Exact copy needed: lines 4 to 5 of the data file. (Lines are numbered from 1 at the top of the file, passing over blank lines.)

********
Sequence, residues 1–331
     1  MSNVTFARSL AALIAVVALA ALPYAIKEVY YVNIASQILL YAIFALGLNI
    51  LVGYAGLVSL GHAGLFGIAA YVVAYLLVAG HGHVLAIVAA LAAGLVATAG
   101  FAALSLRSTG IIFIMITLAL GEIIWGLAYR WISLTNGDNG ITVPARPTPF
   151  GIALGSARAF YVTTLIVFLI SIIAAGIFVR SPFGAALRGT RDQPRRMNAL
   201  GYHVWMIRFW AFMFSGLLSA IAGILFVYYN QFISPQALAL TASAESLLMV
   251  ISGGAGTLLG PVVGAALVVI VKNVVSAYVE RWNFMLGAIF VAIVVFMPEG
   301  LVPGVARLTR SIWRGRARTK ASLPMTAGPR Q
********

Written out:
   101  FAALSLRSTG IIFIMITLAL GEIIWGLAYR WISLTNGDNG ITVPARPTPF
   151  GIALGSARAF YVTTLIVFLI SIIAAGIFVR SPFGAALRGT RDQPRRMNAL